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Tuesday, June 26, 2012

A complaint about memory and focus

A friend suggested this series of Facebook posts would be a helpful contribution to my blog, so here are my comments (copied with minor editing) from Facebook.

June 26, 2012

10:36 am I am frustrated with my slow recovery (if it's a recovery). I just called Bowen Center to reschedule an appointment I missed Friday morning. They told me I was at that appointment. I would think I would know whether I was there! What I remembered about Friday morning was the activity around the yard sale, not a trip to the counselor's office. Preparing to argue that I knew what I did Friday morning, and that it did not include going to their office, I realized one of my Friday errands was to go pick up a new prescription that had been ordered that morning...

1:48 pm I just walked to the mailbox to check the mail, with a handful of envelopes in my hand that I just got from the mailbox... I did something else twice this morning that I was going to mention, but I forgot what it was. 

I wonder how much time gets spent double-doing various tasks?

1:50 pm Our cat just "told" me I haven't fed him yet. As I explained to him that I remember feeding him, he sat listening intently, and looking rather fat...

1:53 pm My own weight is slowly (very slowly) going down. I think I'm forgetting more meals than I'm doubling...


June 27, 2012
~3:00 pm One of the people investigating my car insurance claim called today around 3:00 pm. I had just awakened from a nap that started around 10:00 am. I was having one of my occasional "bright" moments when I think fast and speak clearly. The person commented that I have obviously improved. I'm sure it seemed that way at the time, but they should have heard me earlier today. I never know how to handle that kind of situation. I have to trust that the truth is apparent to those who know me, and that their perspectives will be heard and recorded as part of the whole investigation.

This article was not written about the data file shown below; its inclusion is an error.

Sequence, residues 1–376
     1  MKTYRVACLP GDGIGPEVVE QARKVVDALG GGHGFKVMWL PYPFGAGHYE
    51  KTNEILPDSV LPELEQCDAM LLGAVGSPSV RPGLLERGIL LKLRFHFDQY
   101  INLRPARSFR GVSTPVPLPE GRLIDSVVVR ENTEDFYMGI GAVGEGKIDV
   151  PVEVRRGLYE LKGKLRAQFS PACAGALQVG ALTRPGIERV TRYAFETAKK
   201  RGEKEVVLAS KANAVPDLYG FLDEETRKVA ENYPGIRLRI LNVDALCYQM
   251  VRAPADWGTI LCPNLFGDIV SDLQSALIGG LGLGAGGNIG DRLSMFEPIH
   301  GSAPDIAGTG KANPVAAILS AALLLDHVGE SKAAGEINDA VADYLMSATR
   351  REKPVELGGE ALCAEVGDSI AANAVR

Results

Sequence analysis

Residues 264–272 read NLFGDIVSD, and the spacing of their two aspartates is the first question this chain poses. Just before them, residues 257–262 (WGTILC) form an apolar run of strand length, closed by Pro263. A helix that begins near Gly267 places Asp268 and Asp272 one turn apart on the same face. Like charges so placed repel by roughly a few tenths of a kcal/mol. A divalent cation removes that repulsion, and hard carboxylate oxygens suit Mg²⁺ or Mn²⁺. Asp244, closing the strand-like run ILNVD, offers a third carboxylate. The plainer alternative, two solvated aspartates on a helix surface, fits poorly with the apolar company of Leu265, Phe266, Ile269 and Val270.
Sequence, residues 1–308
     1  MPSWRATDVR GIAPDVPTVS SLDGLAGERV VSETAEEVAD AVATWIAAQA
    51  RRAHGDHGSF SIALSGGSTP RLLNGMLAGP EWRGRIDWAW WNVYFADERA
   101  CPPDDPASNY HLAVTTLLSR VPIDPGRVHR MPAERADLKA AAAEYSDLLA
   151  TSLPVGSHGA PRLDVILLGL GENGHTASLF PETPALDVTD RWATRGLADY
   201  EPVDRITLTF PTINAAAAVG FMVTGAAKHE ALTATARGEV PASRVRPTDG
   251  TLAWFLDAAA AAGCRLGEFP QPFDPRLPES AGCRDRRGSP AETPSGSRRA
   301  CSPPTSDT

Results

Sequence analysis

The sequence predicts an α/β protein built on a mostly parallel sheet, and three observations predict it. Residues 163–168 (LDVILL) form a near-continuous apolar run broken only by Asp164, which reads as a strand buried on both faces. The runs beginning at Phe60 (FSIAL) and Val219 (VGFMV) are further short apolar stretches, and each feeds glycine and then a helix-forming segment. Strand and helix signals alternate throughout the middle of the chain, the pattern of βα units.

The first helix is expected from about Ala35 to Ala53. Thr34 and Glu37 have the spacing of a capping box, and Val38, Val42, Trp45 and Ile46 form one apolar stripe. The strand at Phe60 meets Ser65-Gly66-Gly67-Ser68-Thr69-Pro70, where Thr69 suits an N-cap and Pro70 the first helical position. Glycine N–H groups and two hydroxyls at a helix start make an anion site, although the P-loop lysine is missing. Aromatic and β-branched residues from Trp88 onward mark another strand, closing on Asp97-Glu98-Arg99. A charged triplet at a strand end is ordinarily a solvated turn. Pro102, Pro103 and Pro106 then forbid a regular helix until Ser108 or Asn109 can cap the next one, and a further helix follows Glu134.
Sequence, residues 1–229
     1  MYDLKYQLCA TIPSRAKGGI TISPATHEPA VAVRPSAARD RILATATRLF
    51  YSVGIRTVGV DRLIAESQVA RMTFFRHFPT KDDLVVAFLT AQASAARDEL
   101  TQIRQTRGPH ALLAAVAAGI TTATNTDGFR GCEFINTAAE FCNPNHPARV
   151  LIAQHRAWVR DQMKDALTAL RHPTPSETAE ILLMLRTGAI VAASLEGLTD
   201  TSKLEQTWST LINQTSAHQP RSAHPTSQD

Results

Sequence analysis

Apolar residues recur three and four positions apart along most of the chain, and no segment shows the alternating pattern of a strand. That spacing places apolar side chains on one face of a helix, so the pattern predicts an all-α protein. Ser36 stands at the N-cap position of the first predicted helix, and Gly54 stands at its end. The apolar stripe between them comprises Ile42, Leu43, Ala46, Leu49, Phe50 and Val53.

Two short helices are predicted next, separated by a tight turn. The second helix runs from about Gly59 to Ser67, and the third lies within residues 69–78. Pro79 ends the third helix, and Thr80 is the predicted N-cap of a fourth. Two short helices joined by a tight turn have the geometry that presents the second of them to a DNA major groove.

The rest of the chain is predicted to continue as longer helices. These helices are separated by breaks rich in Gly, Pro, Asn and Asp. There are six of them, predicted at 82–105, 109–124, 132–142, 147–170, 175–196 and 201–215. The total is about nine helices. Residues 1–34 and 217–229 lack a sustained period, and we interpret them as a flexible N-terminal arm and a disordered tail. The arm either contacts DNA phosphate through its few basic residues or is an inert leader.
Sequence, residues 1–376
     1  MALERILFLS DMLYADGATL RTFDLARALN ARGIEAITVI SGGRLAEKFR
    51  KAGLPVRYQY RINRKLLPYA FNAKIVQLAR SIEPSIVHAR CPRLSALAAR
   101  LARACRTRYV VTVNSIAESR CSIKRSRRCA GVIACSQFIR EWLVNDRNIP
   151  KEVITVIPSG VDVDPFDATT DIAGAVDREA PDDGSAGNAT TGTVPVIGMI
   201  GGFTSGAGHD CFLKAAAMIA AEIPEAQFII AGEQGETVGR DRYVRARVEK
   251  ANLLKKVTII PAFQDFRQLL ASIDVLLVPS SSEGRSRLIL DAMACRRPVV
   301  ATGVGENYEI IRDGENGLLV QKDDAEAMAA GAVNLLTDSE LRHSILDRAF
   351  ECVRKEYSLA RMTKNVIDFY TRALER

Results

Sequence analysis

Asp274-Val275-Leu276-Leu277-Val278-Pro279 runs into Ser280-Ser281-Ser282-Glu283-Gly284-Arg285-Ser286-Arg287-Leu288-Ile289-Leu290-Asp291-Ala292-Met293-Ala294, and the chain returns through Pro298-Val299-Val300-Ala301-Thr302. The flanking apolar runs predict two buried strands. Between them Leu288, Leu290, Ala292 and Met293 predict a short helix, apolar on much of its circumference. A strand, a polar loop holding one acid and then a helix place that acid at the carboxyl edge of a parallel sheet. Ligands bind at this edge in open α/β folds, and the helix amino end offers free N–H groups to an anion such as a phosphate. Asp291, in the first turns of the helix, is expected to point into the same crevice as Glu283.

Wednesday, June 20, 2012

Recent Facebook post: One of my worst days

Wednesday, June 20 at 12:43am via mobile
Today was one of my worst days since the accident. I only had two brief profitable periods of time today if shaking and slapping my head to stay awake can be called profitable time, but much of the time I felt a dark feeling that i was forgetting something important, all the while feeling confused about the date and time. At 7:30 pm I suddenly jumped out of bed startled because I thought I was late fixing breakfast.

Monday, June 18, 2012

Living with short-term memory loss

I just caught myself in the fourth loop of deciding I needed a paper towel to clean excess oil from potatoes I was preparing to cook, then discovering there were no paper towels, then, no longer remembering why I was looking for paper towels, trying to think of something profitable I could do to help prepare the meal. Then I thought the potatoes need to be prepared... (loop again).

Finally, Jonath
an (my son) interrupted me before I left to look for paper towels, asking "where are the paper towels?" With the loop broken, I was able to think about his question, and I said, they must still be in the back of the car. (They had fallen from where they were put in the car, and were hidden under a seat.) Now, all is well, until the next episode of "Living with short-term memory loss."